The provision as it is now formulated ignores the present situation relating to living accommodation. If someone who has been assaulted by a partner could simply leave the house and find accommodation elsewhere, there would be no real problem. However, finding other accommodation at an affordable rent is no simple matter. Unhappily, the days are past when the local council was possessed of a substantial housing stock and could make accommodation available. Not only are the regulations governing housing benefit designed not to provide a rent at a moment's notice, but the Government's proposal will bear hardest on those who have already been dealt a rough hand. For that reason we hope that the Government will think again about a provision which will have the effect not of encouraging the victim to leave the home, but of depriving the victim of compensation because she cannot leave the home. I beg to move.

Lord Stewartby: My Lords, I hesitate to display my ignorance in such august legal company as Members of

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your Lordships' House who are considering the Bill. But as a layman in this subject, I was a little surprised to see the wording of the amendment. It states that,

    "For the purposes of this section, a man and a woman living together as husband and wife shall be treated as members of the same family".

Is that something which has to be spelled out? Under what circumstances would they not be treated as members of the same family? The noble and learned Lord referred to paragraph 15(b). Does the position have to be explicitly stated in this legislation?

Lord Rodger of Earlsferry: My Lords, the issue was debated on a previous occasion. The position which we have adopted in the draft scheme is that which was adopted in all versions of the scheme since 1979. It resulted from a report by an inter-departmental working party which reported on the scheme as it existed in 1978 and analysed the various problems. The recommendations were accepted by the then Labour Home Secretary and implemented by the Conservative Government of 1979. Those provisions have been in existence since then.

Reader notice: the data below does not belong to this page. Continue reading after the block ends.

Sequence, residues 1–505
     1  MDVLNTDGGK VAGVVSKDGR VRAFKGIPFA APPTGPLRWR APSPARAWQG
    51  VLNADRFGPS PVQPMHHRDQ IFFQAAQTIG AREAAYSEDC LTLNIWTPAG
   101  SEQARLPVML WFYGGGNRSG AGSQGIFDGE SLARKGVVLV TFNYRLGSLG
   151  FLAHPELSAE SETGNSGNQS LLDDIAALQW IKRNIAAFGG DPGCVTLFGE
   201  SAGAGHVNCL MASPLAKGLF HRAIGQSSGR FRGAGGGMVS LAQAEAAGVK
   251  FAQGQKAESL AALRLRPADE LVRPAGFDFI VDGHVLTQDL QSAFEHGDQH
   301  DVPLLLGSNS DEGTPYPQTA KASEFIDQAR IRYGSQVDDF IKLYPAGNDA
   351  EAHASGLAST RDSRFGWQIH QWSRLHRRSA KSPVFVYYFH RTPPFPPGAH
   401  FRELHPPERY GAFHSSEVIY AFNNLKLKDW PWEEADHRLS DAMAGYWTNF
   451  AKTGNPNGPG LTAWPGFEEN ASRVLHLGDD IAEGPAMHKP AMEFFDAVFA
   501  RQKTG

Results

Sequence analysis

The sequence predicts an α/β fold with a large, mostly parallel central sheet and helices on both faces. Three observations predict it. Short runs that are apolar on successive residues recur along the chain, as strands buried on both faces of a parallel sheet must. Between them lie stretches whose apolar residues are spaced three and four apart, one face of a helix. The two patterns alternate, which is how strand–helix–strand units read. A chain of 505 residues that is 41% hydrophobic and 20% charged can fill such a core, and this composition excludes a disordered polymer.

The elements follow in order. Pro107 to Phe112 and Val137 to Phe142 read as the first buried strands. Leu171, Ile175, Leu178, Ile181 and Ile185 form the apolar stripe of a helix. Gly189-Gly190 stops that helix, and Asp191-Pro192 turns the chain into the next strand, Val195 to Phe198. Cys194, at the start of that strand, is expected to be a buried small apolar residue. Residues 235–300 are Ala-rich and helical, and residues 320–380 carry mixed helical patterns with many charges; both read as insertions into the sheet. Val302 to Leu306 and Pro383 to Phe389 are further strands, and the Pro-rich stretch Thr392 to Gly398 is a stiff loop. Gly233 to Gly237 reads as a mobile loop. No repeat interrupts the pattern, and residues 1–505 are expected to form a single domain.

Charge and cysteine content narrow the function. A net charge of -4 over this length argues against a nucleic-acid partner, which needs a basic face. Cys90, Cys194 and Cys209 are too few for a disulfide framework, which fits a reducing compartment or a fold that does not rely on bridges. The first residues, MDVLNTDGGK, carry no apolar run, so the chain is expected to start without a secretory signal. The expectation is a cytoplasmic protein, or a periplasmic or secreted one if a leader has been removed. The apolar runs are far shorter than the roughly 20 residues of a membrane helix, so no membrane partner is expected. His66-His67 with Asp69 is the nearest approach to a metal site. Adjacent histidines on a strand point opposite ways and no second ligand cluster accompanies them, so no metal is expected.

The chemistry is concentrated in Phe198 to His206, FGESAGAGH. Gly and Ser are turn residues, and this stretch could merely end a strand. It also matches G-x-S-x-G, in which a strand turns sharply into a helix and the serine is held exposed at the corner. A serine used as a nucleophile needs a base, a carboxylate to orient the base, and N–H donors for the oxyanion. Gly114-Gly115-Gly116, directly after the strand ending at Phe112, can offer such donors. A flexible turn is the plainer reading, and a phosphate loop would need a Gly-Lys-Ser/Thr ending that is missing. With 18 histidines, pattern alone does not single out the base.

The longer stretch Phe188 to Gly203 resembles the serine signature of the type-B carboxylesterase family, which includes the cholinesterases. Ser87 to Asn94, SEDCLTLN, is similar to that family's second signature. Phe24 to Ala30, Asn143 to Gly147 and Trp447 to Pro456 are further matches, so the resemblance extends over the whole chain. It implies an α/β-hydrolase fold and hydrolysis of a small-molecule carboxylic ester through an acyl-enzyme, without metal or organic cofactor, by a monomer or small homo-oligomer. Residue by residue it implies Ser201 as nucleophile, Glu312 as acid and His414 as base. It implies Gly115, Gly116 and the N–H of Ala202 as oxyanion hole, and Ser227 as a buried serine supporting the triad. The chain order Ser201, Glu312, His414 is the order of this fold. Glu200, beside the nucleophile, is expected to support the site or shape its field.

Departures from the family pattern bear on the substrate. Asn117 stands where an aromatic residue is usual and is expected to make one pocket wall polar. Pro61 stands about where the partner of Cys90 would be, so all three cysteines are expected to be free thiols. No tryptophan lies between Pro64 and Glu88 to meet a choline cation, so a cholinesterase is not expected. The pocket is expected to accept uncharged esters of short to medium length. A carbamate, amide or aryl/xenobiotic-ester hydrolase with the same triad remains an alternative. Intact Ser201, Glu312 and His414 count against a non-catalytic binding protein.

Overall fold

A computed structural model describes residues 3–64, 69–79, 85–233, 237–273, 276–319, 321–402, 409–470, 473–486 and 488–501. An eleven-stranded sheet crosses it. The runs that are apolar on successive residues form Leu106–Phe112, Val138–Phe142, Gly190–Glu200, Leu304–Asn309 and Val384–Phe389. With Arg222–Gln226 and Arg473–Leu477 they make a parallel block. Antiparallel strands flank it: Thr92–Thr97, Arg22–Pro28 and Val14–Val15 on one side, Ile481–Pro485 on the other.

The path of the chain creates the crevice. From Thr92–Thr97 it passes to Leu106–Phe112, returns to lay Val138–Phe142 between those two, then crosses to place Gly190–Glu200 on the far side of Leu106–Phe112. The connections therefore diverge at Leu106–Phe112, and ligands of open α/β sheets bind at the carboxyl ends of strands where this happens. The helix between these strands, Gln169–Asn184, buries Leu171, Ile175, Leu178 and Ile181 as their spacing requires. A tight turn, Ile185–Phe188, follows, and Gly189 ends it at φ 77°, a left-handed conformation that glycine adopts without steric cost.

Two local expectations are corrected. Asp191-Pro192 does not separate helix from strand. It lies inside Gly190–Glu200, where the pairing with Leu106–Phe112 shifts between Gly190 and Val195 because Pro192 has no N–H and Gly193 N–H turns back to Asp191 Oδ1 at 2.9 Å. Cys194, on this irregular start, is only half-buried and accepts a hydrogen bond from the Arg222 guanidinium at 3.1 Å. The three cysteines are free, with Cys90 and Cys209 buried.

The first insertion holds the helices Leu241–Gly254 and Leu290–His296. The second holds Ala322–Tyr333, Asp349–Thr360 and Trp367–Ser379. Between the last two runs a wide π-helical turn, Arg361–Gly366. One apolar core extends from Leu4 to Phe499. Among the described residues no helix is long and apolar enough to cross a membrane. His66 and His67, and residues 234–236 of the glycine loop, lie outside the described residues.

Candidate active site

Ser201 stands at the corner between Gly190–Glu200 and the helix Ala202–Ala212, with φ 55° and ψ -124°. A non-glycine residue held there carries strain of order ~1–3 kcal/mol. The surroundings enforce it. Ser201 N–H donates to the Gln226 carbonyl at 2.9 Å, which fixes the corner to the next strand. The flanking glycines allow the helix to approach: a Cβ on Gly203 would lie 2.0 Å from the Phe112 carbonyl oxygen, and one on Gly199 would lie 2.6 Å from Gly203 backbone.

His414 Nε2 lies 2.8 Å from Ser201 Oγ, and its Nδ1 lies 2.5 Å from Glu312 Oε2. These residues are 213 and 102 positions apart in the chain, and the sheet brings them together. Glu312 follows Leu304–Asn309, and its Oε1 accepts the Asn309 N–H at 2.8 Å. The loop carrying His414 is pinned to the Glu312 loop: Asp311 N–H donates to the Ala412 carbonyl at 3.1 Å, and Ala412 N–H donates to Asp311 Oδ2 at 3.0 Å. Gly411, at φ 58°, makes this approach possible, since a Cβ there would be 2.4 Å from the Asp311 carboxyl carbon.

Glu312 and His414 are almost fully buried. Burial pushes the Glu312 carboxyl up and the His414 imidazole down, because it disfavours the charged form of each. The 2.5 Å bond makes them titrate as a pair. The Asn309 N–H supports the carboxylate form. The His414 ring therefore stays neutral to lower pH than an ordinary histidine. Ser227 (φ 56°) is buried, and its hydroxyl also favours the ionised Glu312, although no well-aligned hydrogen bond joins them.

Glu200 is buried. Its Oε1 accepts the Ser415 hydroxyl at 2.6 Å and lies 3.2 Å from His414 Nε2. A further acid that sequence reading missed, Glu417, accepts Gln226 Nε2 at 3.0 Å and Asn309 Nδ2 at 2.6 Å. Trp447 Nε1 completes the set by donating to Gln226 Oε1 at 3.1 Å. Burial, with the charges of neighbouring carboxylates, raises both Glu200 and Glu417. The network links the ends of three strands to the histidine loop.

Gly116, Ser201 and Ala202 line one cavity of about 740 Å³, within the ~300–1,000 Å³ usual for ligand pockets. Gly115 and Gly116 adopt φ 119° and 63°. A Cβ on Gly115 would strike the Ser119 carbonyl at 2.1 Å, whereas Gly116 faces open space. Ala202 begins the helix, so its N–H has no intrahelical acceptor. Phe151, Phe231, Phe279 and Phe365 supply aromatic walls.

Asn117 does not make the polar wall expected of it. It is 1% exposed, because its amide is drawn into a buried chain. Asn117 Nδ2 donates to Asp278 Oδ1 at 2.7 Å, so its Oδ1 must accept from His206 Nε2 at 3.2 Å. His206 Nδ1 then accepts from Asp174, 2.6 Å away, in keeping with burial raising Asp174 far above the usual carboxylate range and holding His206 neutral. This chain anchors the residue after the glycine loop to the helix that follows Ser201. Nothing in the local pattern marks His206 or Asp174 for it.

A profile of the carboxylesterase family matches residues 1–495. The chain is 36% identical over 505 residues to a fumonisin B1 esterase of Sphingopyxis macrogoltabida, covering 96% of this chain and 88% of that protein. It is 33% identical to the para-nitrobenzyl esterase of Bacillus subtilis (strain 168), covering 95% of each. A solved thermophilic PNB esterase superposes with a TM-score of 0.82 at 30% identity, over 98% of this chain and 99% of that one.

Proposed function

I recognise that there can be occasions when it is difficult for, let us say, the woman to leave the home where she has been subjected to violence. I fully understand that. Nonetheless, if she is someone who is subjected to violence and a domineering husband, and she remains in the home, those are precisely the circumstances—and there is no getting away from it—where it is likely that any award which she obtained would not go to benefit her, but would be liable to be taken over and used by the man whose violence caused the award to be made in the first place. It is because of the grave risk that the perpetrator of the crime would benefit by it that the rule was introduced and maintained. I accept that there may be cases where the provision works somewhat harshly in the circumstances which have been mentioned. However, overall we believe that the rule is right for the reasons which we have given.

As for the particular form of the amendment, it is partly because it is an Opposition amendment. It is often useful to have to say exactly in what circumstances people are regarded as living in the same family.